Siberian Soul Chukotka, or Chuki for short, is a female golden retriever that has just joined us. She was born July 27th in Russia, and was bred by Lin Vorobjova. Chuki is settling in very well to life in Kentucky, and her wonderful temperment has made us fall in love with her from day one.
Sire: Russian CH. Malet Park Open My Eyes My Hero
HD-A ED-0 PRA 1&2 Clear ICT carrier
Dam: Anestik's Pasadena
We are loving all of the puppy breath!
We don't think that there is anything cuter than a golden retriever puppy! Foxtrot's litter is doing really well, and Foxtrot has been an excellent first time mom.The puppies are growing bigger every day, and are super happy, confident little bundles of fur. They are starting to develop their individual personalities, and it's always interesting to see how they grow into their unique selves. As they continue to grow, we evaluate their blossoming personalities to best match them with their future homes.
Our experience with both the training and veterinary sides of the dog world gives us a unique knowledge of how to raise confident puppies.
Although golden retrievers are generally a very stable, outgoing breed, they still need to receive plenty of socialization and exposure to different environments. We believe that a huge amount of learning takes place before the puppies ever set foot out of the whelping box, and we try to maximize this precious period of time with them.
When a puppy is born, it immediately begins to learn about the environment. Most of their education for those first few days is based on smell and touch, which allows them to nurse and to begin to learn how to navigate amongst their siblings. We also take advantage of this very touch-sensitive time to begin to introduce them to human touch and human smells. We make sure to touch all of their feet, ears, tails, and muzzles to give them a very early jumpstart on handling training. Our litters are all born in our homes, so that we can be with them as much as possible, both to help mom out and to ensure that they are progressing as they should be.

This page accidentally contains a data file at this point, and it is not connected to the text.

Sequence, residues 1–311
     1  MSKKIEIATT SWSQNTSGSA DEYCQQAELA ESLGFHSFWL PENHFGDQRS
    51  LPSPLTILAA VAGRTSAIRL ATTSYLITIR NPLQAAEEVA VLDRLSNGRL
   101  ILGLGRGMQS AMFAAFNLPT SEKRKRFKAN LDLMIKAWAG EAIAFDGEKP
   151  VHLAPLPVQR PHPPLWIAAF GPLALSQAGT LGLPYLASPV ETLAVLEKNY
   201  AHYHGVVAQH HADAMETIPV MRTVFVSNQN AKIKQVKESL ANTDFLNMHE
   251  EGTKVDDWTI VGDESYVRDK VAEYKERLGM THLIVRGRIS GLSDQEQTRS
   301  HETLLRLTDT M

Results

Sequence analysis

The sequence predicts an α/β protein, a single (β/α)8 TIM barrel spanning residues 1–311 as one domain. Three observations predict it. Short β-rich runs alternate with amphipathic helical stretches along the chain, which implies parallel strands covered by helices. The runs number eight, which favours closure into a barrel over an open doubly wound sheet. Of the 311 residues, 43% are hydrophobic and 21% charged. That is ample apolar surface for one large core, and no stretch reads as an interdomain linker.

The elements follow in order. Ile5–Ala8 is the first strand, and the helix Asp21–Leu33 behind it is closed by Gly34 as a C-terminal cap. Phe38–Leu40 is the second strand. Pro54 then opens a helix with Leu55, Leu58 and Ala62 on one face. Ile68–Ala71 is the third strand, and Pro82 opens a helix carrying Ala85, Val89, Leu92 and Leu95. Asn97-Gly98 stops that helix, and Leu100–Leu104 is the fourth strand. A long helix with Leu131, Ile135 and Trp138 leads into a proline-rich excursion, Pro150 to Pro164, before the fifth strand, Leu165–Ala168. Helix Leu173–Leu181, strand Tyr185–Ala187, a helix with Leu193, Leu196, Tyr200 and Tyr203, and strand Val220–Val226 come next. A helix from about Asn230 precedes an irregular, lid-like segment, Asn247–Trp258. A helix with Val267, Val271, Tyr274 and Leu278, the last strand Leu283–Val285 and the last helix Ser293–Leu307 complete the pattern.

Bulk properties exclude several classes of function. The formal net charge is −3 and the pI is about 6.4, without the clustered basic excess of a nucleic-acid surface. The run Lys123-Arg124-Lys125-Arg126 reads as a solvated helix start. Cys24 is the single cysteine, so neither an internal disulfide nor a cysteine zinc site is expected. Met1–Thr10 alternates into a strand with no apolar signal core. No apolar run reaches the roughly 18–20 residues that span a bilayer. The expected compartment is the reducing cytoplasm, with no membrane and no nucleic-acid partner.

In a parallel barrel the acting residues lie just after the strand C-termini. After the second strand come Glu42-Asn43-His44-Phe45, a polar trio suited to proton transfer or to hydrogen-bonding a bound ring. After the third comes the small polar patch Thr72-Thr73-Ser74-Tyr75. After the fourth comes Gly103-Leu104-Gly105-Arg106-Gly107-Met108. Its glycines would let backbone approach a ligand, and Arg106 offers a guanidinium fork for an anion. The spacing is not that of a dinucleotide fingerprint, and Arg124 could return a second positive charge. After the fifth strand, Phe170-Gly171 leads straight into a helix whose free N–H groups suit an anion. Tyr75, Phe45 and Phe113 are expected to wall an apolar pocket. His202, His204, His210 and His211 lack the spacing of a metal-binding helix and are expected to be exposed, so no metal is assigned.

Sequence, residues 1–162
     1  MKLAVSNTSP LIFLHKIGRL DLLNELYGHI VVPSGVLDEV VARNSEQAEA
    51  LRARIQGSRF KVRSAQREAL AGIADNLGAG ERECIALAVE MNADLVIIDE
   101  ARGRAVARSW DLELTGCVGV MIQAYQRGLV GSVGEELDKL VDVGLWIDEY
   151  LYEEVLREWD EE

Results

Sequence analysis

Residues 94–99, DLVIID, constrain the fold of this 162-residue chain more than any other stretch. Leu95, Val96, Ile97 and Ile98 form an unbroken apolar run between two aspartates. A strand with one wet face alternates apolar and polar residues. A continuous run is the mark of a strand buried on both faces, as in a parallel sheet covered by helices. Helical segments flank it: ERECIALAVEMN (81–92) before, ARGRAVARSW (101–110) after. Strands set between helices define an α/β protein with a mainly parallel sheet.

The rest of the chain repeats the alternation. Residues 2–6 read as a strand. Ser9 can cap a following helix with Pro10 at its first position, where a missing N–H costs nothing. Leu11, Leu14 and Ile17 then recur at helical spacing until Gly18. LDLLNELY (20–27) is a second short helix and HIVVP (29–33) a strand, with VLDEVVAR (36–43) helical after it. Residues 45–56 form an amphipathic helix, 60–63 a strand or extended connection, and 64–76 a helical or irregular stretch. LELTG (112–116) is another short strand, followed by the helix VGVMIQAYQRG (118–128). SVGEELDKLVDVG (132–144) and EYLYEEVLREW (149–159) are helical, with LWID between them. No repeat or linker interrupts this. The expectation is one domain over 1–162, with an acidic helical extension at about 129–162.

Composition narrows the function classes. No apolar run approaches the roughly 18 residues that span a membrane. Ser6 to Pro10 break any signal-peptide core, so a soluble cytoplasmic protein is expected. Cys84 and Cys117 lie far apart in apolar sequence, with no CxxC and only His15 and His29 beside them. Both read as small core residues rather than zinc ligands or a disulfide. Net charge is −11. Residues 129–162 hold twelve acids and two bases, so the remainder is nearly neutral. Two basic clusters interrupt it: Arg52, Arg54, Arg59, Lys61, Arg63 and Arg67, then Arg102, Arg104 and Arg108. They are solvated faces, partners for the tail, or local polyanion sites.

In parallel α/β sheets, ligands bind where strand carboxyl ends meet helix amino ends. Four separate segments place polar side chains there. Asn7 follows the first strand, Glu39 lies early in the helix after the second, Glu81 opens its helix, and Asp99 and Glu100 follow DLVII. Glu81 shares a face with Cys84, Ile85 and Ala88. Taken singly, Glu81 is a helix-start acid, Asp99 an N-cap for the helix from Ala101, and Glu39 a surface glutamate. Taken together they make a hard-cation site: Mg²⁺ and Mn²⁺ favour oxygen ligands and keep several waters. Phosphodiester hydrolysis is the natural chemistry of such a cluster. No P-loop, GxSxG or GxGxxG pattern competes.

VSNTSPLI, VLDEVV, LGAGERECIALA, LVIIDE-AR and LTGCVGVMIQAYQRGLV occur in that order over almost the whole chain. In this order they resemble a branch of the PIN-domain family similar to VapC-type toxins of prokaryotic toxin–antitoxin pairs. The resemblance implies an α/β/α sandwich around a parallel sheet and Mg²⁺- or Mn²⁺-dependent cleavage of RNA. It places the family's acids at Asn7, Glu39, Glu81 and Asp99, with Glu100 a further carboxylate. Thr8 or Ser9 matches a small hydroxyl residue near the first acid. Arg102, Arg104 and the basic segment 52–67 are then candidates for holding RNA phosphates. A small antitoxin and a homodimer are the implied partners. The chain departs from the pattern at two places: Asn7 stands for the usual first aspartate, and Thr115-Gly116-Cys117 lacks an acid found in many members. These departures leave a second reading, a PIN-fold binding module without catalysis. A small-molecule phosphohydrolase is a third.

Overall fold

At about 2 weeks of age, the puppies begin to gain some more senses. Their eyes will start to open, and their ears will start to pick up on sounds. At this time, we will start playing the radio or the TV softly in the background, let the puppies hear recordings of dog show sounds, and let them hear the sound of a vacuum cleaner a few rooms away. At around 4 weeks, the puppies are starting to get much stronger and have an easier job moving around. We will start to expose them to different surfaces and to puppy adventure boxes and agility equipment. When they are exposed to new and potentially alarming changes in environment at this age, surrounded by littermates, they learn to explore with boldness and confidence.
As the puppies keep getting bigger and stronger, we continue to challenge them at age appropriate levels. They will start to go outside to feel the sensation of grass, gravel, concrete, and other surfaces. They will continue to get handled multiple times a day, and exposed to new and different people, including children. They will also get a chance to see dogs of different shapes and sizes, but always dogs that we know are healthy, vaccinated, and safe for the puppies to be around. The puppies will have had colored ribbons to identify them, and those will be switched over for collars. This very early introduction to the sensation of a collar will simplify the introduction to leash walking. Puppies will also get the chance to go for car rides, and to see that the world goes beyond the house and the yard.
By providing our puppies with a solid start in exposure and socialization, combined with early vet care and quality nutrition, we can set them up for optimal success when they go on to their forever homes. For puppies who go into a training program, this kind of work will continue for as long as they are in our care. For those who go home at 8 weeks of age, we will provide each new home with information on how to safely continue to socialize their new family member.
Tattle's puppies are just over 2 weeks old!
These beautiful little puppies are all doing wonderful. Tattle has been doing an awesome job as a first time mom to 10 little golden retrievers, and we are having a great time watching them grow up. They have fantastic homes lined up and as their eyes start to open, we are gradually introducing them to more sights and sounds of a home environment. Some of them will be with us for only 6 more weeks, but others will stay on to complete one of our training programs. Here are some new pictures of the puppies!